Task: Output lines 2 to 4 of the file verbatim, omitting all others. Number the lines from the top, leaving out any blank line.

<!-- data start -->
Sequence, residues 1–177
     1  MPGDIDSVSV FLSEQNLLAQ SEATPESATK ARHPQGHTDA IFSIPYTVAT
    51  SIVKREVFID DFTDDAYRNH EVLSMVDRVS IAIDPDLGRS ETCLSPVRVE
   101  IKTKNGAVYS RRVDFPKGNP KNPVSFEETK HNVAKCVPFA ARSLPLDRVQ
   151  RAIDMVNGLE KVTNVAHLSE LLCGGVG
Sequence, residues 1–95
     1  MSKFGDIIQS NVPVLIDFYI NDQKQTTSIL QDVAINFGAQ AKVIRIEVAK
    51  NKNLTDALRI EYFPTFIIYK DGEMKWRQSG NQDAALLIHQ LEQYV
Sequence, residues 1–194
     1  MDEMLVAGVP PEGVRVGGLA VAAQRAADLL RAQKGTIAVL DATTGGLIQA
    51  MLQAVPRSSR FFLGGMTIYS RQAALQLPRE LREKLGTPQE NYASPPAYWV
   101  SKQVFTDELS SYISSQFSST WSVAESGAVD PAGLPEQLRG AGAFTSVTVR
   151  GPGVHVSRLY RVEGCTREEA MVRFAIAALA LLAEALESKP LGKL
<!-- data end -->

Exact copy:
     1  MPGDIDSVSV FLSEQNLLAQ SEATPESATK ARHPQGHTDA IFSIPYTVAT
    51  SIVKREVFID DFTDDAYRNH EVLSMVDRVS IAIDPDLGRS ETCLSPVRVE
   101  IKTKNGAVYS RRVDFPKGNP KNPVSFEETK HNVAKCVPFA ARSLPLDRVQ